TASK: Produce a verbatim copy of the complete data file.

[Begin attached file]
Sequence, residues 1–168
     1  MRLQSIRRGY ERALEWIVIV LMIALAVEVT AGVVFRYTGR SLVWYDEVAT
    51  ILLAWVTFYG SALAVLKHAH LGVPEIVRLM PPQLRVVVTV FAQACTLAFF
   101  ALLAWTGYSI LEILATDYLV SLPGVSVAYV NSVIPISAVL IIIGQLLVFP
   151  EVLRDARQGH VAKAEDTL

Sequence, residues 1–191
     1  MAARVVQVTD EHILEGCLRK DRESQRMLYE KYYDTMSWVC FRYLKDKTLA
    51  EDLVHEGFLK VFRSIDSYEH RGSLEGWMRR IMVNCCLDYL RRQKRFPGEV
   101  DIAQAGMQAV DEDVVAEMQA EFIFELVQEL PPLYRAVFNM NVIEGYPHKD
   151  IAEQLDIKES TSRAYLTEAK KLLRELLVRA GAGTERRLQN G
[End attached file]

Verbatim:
Sequence, residues 1–168
     1  MRLQSIRRGY ERALEWIVIV LMIALAVEVT AGVVFRYTGR SLVWYDEVAT
    51  ILLAWVTFYG SALAVLKHAH LGVPEIVRLM PPQLRVVVTV FAQACTLAFF
   101  ALLAWTGYSI LEILATDYLV SLPGVSVAYV NSVIPISAVL IIIGQLLVFP
   151  EVLRDARQGH VAKAEDTL

Sequence, residues 1–191
     1  MAARVVQVTD EHILEGCLRK DRESQRMLYE KYYDTMSWVC FRYLKDKTLA
    51  EDLVHEGFLK VFRSIDSYEH RGSLEGWMRR IMVNCCLDYL RRQKRFPGEV
   101  DIAQAGMQAV DEDVVAEMQA EFIFELVQEL PPLYRAVFNM NVIEGYPHKD
   151  IAEQLDIKES TSRAYLTEAK KLLRELLVRA GAGTERRLQN G